Rockies and the Continental Divide between two Crown communities—Fernie, British Columbia to the west and Pincher Creek, Alberta to the east. Descending southward from Crowsnest Pass, the Continental Divide follows the apex of Canada’s Waterton Lakes National Park, busting out into Montana’s Glacier National Park and then on through the Bob Marshall Wilderness country to Rogers Pass. For the uninitiated, “The Bob” consists of the contiguous Great Bear, Bob Marshall and Scapegoat wilderness areas as well as de facto wildlands that surround the federally designated wilderness. Gathered together, this landscape occupies about 2.5 million acres. When delineating the exterior boundaries of the Crown, we begin with the eastern perimeter, where the rolling, wave-like prairie lands of Alberta and Montana surge toward a collision with the reefs, walls and peaks of the Canadian and American Rocky Mountain Front. The southern frontier follows Montana Hwy 200 from Bowman’s Corner—the crossing of Hwy 287 and Hwy 200—over Rogers Pass, the Continental Divide and on through the Blackfoot River Valley. At the junction where the Blackfoot River meets the Clearwater River flowing south out of the Swan Valley, the border makes a sharp right-hand turn and begins moving north with the Clearwater. It continues westward along the southern edge of the fast-rising Mission Mountains and the Jocko Divide into the Flathead Reservation lands.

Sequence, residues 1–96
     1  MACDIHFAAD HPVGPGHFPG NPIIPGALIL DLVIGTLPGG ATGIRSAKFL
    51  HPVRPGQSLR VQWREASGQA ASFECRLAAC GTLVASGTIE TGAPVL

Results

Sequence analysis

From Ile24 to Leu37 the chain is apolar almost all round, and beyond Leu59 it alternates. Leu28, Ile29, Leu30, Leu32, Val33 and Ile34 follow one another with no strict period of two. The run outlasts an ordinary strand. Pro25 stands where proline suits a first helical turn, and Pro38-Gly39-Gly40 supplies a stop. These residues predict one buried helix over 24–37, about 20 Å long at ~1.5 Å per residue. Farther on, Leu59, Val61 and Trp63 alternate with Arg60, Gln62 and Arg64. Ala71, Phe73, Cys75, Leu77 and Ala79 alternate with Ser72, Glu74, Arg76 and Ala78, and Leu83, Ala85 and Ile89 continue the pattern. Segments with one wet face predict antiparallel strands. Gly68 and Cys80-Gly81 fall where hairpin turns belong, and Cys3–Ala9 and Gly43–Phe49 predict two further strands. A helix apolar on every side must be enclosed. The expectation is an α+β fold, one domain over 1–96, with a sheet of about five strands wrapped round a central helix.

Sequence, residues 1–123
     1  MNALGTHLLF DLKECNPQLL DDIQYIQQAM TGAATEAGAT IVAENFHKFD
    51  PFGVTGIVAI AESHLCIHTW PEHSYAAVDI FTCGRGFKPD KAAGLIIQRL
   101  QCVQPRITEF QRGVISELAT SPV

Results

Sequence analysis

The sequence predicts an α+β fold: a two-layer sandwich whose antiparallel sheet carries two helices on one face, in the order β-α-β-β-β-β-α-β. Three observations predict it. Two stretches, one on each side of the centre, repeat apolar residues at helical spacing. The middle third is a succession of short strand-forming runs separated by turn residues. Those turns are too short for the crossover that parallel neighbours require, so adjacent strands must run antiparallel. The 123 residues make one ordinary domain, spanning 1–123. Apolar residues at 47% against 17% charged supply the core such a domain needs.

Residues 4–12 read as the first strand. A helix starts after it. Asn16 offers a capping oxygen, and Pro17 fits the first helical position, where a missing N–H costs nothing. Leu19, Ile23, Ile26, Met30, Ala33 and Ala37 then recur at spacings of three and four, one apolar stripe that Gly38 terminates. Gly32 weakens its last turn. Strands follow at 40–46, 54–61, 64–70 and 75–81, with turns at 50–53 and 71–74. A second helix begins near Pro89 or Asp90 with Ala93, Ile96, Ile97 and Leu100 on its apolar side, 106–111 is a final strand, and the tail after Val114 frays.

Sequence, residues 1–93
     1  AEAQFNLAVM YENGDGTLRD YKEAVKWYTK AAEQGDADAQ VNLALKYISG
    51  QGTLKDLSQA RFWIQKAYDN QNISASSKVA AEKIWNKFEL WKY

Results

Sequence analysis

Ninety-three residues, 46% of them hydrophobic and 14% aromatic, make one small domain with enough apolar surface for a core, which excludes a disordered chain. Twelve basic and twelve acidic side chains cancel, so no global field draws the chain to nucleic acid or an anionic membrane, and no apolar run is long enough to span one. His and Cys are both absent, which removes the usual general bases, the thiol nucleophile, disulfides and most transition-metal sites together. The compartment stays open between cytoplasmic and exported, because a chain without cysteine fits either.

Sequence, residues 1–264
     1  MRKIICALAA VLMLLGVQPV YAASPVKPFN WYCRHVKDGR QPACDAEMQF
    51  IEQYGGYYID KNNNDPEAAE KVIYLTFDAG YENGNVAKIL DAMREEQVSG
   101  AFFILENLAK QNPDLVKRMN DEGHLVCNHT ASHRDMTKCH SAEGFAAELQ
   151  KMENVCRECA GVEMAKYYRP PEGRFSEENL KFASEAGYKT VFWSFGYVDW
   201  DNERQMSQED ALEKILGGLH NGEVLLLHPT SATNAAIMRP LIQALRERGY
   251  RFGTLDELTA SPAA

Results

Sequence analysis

Today, the original area of Grinnell’s ‘Crown’ …has been expanded to include an important ecosystem that extends well beyond the confines of Glacier. An estimated 13 million acres make up this two-nation ecosystem.

Spring 2009


Mount Harding, center, and to the right McDonald Peak, the Mission Mountains, near Ronan.

From here, the western limit takes in the Mission Valley and Flathead Lake and extends north to the west slopes of the Whitefish Range and the Tobacco Valley. North of Eureka, Montana, Canada takes over again and ushers the western rim through the Kootenay (Kootenai in Montana) River Valley and then northward to the area of the Columbia Lake and Canal Flats in British Columbia. This glorious gathering of trans-boundary topographic pieces represents a microcosm of what the American and Canadian west once was. Glacier-carved peaks—some of their north faces still embedded with remnant glaciers—, vast forests rising to the upper reaches of mountains, wandering river valleys, steep canyons, gushing creeks, flowered meadows and a wild population that represents nearly all of the major and minor critters of the Rockies together form what many researchers consider to be the largest intact and most pristine ecosystem in North America. In the approximately 200-mile stretch as the bald eagle flies between the Crowsnest and Rog12

Crown of the Continent